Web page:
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Olofinjana's BombShell: Nigeria football is sick

Posted by By CHIMAOBI UCHENDU on 2007/06/27 | Views: 975 |

Olofinjana's BombShell: Nigeria football is sick


Call it the verdict according to Seyi Olofinjana and you won’t miss anything as he says Nigerian football needs an urgent surgical operation, else the game will die a natural death.

Call it the verdict according to Seyi Olofinjana and you won’t miss anything as he says Nigerian football needs an urgent surgical operation, else the game will die a natural death.

He is miffed that those saddled with the responsibility of maximising the country’s past gains are busy engaging themselves in a ‘rat race’.

"Let’s not deceive ourselves, Nigerian football is sick," the Wolverhampton Wanderers’ midfield star said. "Our football is bedridden and we need a serious surgical operation to clear the mess. If nothing is done about the state of football in Nigeria now, a time will come that football will be dead in the country."

Olofinjana, who plays in the English Nationwide League, also said it is not acceptable that a country like Nigeria that was once at the top echelon of football not too long ago, is now struggling for recognition, even amidst soccer minors.

He heaped the blame on the Nigeria Football Association (NFA) for neglecting their primary role of organizing friendly matches for the Super Eagles on FIFA match-free days.

Olofinjana, however, said it would amount to sabotage on the part of NFA board members, if they don’t wake up to their responsibilities immediately by re-organizing all the national teams and breathing life into the local league.

Any country that aims to be the best must not compromise the position of her senior national team in the FIFA rating, he started.
He added: "I have watched with dismay the downward slide football in Nigeria has taken over the years, and I cannot but speak out to save the future of our next generation of footballers.

"All the achievements recorded in times past have been eroded by the activities of those saddled with the responsibility of building from their predecessors. Our football development is on the decline and the current state of affairs cannot be said to have the answers to the numerous questions waiting for attention.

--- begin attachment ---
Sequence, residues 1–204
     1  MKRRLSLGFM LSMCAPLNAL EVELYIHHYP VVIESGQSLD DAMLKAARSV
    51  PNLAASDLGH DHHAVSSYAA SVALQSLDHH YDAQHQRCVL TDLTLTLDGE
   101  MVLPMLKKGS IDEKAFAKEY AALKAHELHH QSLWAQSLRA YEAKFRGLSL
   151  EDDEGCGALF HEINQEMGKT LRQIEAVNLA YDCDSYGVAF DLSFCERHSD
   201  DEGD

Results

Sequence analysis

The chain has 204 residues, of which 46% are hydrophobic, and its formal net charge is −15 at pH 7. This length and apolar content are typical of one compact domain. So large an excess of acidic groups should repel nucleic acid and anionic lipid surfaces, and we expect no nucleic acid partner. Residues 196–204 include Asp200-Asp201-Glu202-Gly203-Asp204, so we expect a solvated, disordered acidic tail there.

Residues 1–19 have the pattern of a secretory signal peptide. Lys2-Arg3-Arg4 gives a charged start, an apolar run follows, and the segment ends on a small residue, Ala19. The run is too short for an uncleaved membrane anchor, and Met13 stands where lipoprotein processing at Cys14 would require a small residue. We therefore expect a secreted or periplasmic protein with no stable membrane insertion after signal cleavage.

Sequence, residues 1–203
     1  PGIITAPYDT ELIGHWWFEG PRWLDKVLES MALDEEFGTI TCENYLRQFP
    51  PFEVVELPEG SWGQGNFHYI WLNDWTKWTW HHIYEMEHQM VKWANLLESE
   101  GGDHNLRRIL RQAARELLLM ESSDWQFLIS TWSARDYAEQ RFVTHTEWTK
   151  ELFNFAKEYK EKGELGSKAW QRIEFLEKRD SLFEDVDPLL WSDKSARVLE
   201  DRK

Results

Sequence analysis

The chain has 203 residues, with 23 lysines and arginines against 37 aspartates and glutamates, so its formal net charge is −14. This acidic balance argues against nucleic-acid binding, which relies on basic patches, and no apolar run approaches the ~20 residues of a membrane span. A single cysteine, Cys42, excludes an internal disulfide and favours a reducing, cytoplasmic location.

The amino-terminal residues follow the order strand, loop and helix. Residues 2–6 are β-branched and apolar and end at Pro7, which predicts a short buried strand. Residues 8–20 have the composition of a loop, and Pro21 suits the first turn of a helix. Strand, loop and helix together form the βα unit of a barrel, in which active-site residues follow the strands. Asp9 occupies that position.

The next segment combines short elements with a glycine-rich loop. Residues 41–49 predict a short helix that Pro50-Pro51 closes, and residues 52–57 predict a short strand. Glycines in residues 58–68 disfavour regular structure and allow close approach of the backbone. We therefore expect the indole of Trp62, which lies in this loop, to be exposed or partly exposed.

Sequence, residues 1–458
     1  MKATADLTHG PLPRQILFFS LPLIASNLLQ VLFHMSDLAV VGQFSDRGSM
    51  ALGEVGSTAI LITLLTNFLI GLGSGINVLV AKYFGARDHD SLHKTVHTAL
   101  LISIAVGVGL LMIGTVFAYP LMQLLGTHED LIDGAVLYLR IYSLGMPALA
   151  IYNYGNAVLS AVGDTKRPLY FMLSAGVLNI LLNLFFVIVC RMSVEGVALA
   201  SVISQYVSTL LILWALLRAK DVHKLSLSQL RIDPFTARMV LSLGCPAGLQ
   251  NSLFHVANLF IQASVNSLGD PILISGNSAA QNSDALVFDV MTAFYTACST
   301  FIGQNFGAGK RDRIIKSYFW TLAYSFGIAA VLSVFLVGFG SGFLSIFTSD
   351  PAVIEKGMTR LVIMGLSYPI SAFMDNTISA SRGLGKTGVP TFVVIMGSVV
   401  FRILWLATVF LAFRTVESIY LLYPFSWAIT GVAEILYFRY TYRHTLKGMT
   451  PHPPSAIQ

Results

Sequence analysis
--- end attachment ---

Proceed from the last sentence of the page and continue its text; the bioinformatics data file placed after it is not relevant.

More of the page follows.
"It is sad that after the exploits of the Eagles at the 1994 World Cup, and the gold medal at the Atlanta Olympics in 1996, Nigeria is yet to take its rightful place in football in the continent and the world.

"We claim to be the giants of Africa and, often times, we struggle and, sometimes, fail to qualify for major championships because countries we regard as minors prove hard nuts to crack. It is not unexpected because our football administrators have priorities, which override the overall interest of football development.

"With all sense of sincerity, I want us to take a look at countries in Africa that go out of their way to organize international friendly matches for their national teams. When I talk of friendly matches, I mean quality ones that can expose the inadequacies and strength of the squad. You can mention countries like Ghana, Cote d’Ivoire, Cameroon and Senegal as serious countries that merit their position in FIFA ranking.

"These countries utilize FIFA-free days by engaging serious footballing nation on friendly matches and have, with this attitude, exposed their players to the knitty-gritty of international football.
"In the case of Nigeria, we always have proposals that would convince even a Thomas of what they have in stock for Nigerian football. But all these proposals never see the light of day.

Instead, they go for cheap and not serious footballing nations, to close the people’s eyes on their shortcomings. This situation has taken football further down the abyss and I can tell you that in the nearest future our youths will suffer for it.

"Standards are really dropping at an alarming rate and I hope the appropriate authorities would take the ‘bull by the horn’ to save our football from total collapse.
"People, whose opinion I think I should respect, complain about the attitude of players of the Super Eagles towards national assignments. But the truth of the matter is that handlers of the national teams and NFA have not been able to get the right build-up to any match.

"It has always been the same story of inviting players a few days before a match, or sending conflicting signals as to where the players should converge. To the ordinary Nigerian football fan on the street, the players feel too big to don the national colours of their fatherland.

"Until we begin to correct these anomalies and play regular friendly matches as we would love to, the problem would continue to linger. Nigerian football is stagnant, I must confess, and other African countries are using every opportunity we miss to develop their game, and come back there to challenge us.

"This was evident at the last World Cup qualifiers where Angola, against all odds, picked a ticket at the expense of Nigeria. Other countries are waking up very fast and are doing everything possible to catch up with us. It is a sorry state of affairs that, while we are not growing, our neighbours are moving fast and are catching up with us.

"Our preparations towards the forthcoming Ghana 2008 Nations Cup qualifier against Lesotho should not be taken for granted and, in fact, it should be used as a study case for the NFA, the technical crew and the players. The game must not be toyed with, considering the disappointing outings of the Eagles in previous matches," Olofinjana advised.

He finally urged his teammates to use the match to regain the confidence of Nigerian fans, who have supported the team all through the Nations Cup qualifying campaign.

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Fay(Katy, Texas, US)says...

Actually translates to bravehearted.